A few days ago it came out that the little girl who went missing in Machynlleth in Wales last week, April Jones has cerebral palsy. It kinda made me stop and pause a moment hearing that she’s got CP just like me more than anything else I’d heard about the case. The news coverage all seemed to use the term suffer “Missing Girl April Suffers from CP” screamed the headlines.
I posted to a facebook group for CPers that I belong too that I wasn’t sure whether to be impressed that she’d gone missing Monday night and it had taken until Wednesday night before mention of her disability was made in the press. Or annoyed by the use of the term suffer.
Impressed because of the added shock value CP would bring wasn’t used immediately. And annoyed about the term suffer because it’s so negative and not appropriate.
Now the group I belong too is really cool and has some really opinionated kick ass people offering support and friendship. I love it. I don’t think I’ve felt like I belong in an online disability group like I do here. I also posted a similar comment about the term suffer on twitter.
And in both places there was a bit of a discussion on it. Some people felt like the term suffer wasn’t what mattered here, finding April is. The group of CPers seemed to focus much more on the CP side and I felt like the tweeters had much more of an issue with my having an issue with Suffer. And I agree that locating April is the most important thing. Sadly however the search is now a murder enquiry and it looks like she won’t come home.
But I don’t want people to pity me. I want people to know that CP isn’t a disease. It’s a disability, a life long condition that I live with. And I don’t suffer from it. I have it. It’s a really important distinction. One that takes away from the automatic pity “this is something negative” response and shows that it’s OK to live and accept and simply be disabled and content.
Of course for the majority of the people reading that story about a missing five year old who suffers from cerebral palsy it’s just another fact in an already very tragic news story. And those of us who have CP or other disabilities might see it differently whilst still seeing the tragedy of April’s case. That doesn’t mean I’m wrong to speak out about something seemingly trivial like language though.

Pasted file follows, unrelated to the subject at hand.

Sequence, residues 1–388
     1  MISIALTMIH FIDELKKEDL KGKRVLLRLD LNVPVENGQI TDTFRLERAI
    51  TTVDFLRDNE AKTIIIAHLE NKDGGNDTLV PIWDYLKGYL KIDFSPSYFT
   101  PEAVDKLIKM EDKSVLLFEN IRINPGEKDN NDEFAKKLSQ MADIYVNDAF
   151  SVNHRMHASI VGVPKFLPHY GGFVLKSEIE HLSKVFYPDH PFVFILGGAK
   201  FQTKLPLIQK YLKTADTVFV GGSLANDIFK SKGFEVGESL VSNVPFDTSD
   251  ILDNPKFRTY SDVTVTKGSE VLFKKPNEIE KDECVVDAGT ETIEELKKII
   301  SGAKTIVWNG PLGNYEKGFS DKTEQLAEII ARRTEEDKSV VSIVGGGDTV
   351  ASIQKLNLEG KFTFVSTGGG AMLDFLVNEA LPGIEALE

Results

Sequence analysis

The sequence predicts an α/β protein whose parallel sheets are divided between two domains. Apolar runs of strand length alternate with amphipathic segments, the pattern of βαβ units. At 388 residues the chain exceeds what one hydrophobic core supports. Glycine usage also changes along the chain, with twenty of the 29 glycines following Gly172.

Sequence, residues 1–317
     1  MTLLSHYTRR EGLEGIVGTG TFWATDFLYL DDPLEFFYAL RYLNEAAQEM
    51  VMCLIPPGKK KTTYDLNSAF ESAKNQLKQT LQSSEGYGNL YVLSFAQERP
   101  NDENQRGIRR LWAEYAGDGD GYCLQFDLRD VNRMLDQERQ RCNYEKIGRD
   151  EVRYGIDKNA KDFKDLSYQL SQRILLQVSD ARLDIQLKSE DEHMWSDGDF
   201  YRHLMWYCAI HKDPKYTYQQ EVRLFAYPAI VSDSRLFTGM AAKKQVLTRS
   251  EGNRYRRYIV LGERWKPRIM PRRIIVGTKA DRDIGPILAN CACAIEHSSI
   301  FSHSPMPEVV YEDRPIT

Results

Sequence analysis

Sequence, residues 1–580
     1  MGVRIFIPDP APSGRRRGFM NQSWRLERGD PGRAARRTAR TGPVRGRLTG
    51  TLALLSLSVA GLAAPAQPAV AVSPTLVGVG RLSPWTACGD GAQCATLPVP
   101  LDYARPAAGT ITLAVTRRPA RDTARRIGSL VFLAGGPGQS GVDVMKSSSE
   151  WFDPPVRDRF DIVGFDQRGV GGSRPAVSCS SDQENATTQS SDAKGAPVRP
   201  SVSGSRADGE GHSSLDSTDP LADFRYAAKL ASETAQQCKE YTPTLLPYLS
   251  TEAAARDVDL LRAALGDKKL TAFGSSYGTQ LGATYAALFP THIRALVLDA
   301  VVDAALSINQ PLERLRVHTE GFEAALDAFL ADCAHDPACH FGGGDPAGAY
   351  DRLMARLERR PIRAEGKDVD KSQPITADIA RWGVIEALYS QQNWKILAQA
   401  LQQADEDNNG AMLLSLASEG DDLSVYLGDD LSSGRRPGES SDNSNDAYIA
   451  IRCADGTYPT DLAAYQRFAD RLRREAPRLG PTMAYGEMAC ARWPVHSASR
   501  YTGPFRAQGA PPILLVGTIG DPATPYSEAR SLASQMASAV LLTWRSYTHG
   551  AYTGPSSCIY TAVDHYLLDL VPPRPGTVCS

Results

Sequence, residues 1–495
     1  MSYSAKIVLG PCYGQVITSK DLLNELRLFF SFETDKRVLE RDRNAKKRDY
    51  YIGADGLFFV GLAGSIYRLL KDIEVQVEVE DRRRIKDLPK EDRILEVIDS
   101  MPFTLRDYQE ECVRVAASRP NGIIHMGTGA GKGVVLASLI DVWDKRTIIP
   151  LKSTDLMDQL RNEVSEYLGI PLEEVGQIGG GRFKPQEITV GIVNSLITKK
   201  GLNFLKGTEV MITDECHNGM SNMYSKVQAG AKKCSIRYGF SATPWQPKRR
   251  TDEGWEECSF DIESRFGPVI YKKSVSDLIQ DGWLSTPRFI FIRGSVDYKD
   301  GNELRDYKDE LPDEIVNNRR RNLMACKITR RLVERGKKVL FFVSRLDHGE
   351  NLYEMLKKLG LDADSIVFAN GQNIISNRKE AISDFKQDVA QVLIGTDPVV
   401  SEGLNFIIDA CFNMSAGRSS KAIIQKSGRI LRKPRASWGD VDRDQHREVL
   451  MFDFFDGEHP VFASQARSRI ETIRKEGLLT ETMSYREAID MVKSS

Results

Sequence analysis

I take my time before I speak out and sometimes I pick my moments, decide that now is not the time or this person will never understand or something similar. The trouble is there is always a reason not to say “I’d prefer you not to use this term to describe disability because XYZ” and if I always went with that reason people would never know what I think. I’d never manage to reach out and change anyones opinion.
I’ll always speak out whenever I feel I should and that I can. That might mean that sometimes I say things that others don’t understand or that makes them uncomfortable. And occasionally I might come to regret it and realise that then wasn’t the time.
But at the same time it might be the thing that helps someone feel better about themselves as a disabled person. That makes me feel less like a worrthless freak hated by society (I’ve had days when that’s how I’ve felt) Or it might change attitudes.
I like my disability, I’m proud of it and I love my life. I have friends and family who support me and I have brilliant opportunities, pretty much everything I need or want is in my reach if I want to go out and get it and I’m generally in a good place and enjoying life.
I want that for other people with disabilities too. I want disability to be seen as a good thing. And OK so others think my brief comment is inappropriate. I can’t do anything to help April. But I can speak out and help make sure that other little girls and boys with CP grow up to be accepted and not face negative stereotypes.
That’s so important I can’t describe it. And if I can do something about it, I always will.